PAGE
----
If you’ve been homebrewing for a while, chances are you’ve had a foamy fermentation bubble up through your airlock, maybe even blow the lid right off your fermenter! This is the time you wished you used a blow off tube.
The foam on top of your fermenting beer is often called “krausen”. It’s a mix of very active yeast, gummy protein, and hoppy trub that rises and falls over the course of several days. Anytime you anticipate an extra vigorous fermentation, such as when brewing high-gravity beers or fermenting at higher temperatures, you might want to rig up a blow off tube setup.
If you’ve been on many brewery tours, you may have noticed the hoses that run from the fermenters into a big bucket of sanitizer solution. The bucket may or may not be actively bubbling. It may even be spilling over with yeasty trub! Below is some information that will show you how to make a blow off tube for the homebrew setup.
The mechanism is basically a large airlock system. It allows CO2 to escape from the carboy or bucket fermenter, while also providing an exit for any yeasty krausen, which will get pushed into the bucket of sanitizer.
To make a blow off tube setup, you will need:
- a three-piece airlock (just the biggest piece)
- a section of siphon hose (1/2” inner diameter works best, about three or four feet in length)
- a large jar or small bucket (a large mason jar or plastic milk jug works fine)
How to Make a Blow-Off Tube
- Prepare a sanitizer bath. Just a gallon or so should be sufficient.
- Clean and sanitize all parts. Reserve some of the diluted sanitizer.
- Fit one end of the hose over the inside of the airlock.
- Fill the bucket or jar about two-thirds full of sanitizer. Leave some space to give that foam a place to go.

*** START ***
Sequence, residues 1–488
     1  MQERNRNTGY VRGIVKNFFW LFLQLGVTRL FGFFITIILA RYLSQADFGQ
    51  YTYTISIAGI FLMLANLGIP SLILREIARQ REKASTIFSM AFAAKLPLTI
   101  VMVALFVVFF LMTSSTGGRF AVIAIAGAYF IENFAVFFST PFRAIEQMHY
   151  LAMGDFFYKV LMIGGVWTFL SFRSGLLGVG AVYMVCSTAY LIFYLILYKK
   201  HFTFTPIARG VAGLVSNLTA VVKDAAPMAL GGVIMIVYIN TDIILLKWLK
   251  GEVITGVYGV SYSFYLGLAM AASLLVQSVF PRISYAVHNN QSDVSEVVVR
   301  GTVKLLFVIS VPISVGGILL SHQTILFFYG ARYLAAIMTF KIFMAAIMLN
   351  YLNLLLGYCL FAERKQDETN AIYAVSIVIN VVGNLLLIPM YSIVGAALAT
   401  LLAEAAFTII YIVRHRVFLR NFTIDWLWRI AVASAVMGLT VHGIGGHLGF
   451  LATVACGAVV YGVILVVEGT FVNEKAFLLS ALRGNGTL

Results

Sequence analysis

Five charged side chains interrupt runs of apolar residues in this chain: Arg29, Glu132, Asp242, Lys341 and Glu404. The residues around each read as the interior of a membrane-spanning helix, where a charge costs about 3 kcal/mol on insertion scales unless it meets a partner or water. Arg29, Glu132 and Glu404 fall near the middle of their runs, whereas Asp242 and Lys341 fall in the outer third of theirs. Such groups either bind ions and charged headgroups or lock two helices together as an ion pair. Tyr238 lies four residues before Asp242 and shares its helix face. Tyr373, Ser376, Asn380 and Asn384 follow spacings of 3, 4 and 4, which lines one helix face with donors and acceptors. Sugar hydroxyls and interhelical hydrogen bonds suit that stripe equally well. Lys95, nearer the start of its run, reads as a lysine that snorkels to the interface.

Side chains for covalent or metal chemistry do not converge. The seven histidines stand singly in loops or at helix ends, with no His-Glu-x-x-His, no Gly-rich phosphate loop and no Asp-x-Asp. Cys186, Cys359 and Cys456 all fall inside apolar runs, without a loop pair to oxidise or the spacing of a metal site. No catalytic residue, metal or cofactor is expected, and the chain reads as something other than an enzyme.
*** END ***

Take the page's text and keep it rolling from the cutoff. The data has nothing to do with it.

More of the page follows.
- Attach the airlock end of the blow off tube to your fermenter and run the other end into the bucket of sanitizer.
More often than not, you’ll probably have to rig up a homebrew blow off tube as the foam is already flowing out of the airlock and all over the floor. Just keep your cool, clean the mess, and remember to sanitize. With all that stuff coming out of the fermenter, there’s probably not much that’s going to get in.
A homebrew blow off tube setup can be a lifesaver when fermentation gets out of control. To avoid a blow-off disaster, leave about a gallon worth of headspace during primary fermentation to give the krausen room to grow. Be sure to check on your fermentation over the first few days and have your blow off tube ready!
So that’s the basics of how to make a blow off tube. Do you use a homebrew blow off setup? Do you use it all the time or only when you need it? Share in the comments below!
David Ackley is a beer writer, brewer, and self-described “craft beer crusader.” He holds a General Certificate in Brewing from the Institute of Brewing and Distilling and is founder of the Local Beer Blog.